Early in the fall of 2011, he showed some of his potential in an 88-yard kickoff return against the FCS-level Presbyterian team. Yet his overall contribution to the offense was minimal, making him feel like a shade of his former self.
But what a difference a year can make.
Naturally, Bigelow dedicated the offseason to continuing to strengthen the muscles around his knee, taking more and more stress off his ACL. And it paid off.
“This year, I’m just going after it and playing football,” Bigelow says. “It doesn’t bother me, it doesn’t ache. I’m at full go now.”
His knee couldn’t have looked healthier in week three against Ohio State. On national television, Bigelow touched the ball just four times but racked up 160 yards on the ground to go along with a pair of scores.
In the third quarter, Bigelow took a handoff and immediately broke a tackle, spun off another defender while putting his hand on the ground to stay up, then spun again for good measure and bolted down the left sideline for an 81-yard Jahvid-esque touchdown. His speed was finally on display, and it was every bit as devastating as advertised.
“I spun off a few people and just tried to stay on my feet, keep pumping and keep running,” Bigelow said. “My eyes got big when I turned the corner.”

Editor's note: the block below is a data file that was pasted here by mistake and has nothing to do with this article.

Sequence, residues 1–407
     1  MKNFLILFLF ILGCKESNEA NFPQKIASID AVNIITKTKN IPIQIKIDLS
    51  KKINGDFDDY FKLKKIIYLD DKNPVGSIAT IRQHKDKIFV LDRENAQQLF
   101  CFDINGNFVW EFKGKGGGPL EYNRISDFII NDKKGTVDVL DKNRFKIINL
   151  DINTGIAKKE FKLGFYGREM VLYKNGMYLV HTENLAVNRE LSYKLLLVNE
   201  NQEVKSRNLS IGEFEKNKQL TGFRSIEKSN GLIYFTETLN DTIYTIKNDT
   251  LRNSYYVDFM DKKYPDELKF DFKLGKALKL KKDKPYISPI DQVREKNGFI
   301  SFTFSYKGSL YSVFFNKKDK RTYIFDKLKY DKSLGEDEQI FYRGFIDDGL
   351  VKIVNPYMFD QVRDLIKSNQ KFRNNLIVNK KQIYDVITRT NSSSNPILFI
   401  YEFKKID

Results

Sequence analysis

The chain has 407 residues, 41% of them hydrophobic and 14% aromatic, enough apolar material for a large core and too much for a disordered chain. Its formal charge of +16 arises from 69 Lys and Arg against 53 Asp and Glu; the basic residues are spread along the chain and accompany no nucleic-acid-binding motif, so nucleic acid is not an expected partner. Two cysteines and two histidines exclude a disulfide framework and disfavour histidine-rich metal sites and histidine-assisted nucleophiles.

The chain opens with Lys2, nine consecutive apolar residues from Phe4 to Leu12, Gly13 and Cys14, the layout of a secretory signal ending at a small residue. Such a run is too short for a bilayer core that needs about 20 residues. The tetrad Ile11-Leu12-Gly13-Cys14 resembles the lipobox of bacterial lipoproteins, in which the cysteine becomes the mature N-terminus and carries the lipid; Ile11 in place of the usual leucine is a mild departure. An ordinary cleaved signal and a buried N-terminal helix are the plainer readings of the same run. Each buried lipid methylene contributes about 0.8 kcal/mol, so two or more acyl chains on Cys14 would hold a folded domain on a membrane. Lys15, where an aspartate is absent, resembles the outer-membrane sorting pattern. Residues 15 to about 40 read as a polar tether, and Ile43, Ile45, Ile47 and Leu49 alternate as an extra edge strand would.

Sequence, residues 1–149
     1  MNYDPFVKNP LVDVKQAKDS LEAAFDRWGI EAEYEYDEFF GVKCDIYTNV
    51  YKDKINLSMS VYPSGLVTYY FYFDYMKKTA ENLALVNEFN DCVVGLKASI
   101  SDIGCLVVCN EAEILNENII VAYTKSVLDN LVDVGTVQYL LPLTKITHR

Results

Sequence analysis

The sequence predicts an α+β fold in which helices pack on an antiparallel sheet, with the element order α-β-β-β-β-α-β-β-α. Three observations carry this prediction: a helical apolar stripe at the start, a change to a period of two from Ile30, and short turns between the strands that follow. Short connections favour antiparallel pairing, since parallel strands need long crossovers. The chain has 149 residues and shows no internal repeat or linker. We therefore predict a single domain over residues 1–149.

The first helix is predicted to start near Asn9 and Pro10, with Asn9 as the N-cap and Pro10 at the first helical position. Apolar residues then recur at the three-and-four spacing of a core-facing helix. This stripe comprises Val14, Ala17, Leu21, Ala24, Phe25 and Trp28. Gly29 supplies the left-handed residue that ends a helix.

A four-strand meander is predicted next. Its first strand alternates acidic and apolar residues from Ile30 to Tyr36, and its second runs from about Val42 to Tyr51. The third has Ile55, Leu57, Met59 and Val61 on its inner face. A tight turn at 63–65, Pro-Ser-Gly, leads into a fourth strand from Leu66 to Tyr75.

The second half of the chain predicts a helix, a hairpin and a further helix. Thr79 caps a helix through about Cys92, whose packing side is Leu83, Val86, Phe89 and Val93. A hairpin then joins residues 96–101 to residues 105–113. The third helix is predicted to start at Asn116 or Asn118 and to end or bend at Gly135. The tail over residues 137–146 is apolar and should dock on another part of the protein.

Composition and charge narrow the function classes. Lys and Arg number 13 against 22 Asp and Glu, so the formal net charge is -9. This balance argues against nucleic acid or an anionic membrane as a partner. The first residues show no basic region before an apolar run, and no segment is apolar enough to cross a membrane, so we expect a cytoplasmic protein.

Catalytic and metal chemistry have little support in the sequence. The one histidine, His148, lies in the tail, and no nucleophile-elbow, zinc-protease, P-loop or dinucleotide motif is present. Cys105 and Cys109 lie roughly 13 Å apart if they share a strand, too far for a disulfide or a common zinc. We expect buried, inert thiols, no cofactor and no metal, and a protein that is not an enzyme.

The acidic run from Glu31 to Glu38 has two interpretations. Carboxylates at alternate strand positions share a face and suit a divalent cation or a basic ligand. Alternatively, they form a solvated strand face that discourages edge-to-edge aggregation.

The play was later featured on the Yahoo! Homepage as well as Sports Center’s top college football plays.
“It was a great feeling,” Bigelow says. “I worked so hard to get where I am and to have that publicity felt pretty good.”
Yet, despite his flashy numbers from the game, Bigelow still finds himself buried in Cal’s crowded backfield, stuck behind seniors Isi Sofele and C.J. Anderson.
However, his speed and penchant for big plays have made him impossible to ignore. He’s only carried the ball 10 times in 2012, but he’s averaging more than 20 yards per rush. Every time Bigelow touches the football, good things happen.
“Any missed tackle with Brendan Bigelow and he’s gone,” says wide receiver Keenan Allen.
Even if Bigelow won’t admit it, his limited role in the offense — such as zero carries against ASU last weekend — has to be frustrating. His performance against Ohio State alone would have warranted a major role on any other team.
But he’s confident that his time will come.
And while he possesses the raw talent to become the next great Cal running back, he also knows that nothing is guaranteed. No amount of surgery will ever be able to undo the massive amount of trauma his knee sustained. The new graft might be strong, but his knee is permanently damaged.
His long-term prospects are grim. Severe arthritis at a young age is nearly inevitable, especially given the extra wear from football that his knee will endure.
But none of that matters to Bigelow. He’s been through too much to just hang it up now. Instead, he’ll just wait his turn until he can reap the benefits of three long years of pain and perseverance.
“When my number is called, I’ll deliver,” he says.
Connor Byrne covers football. Contact him at [email protected]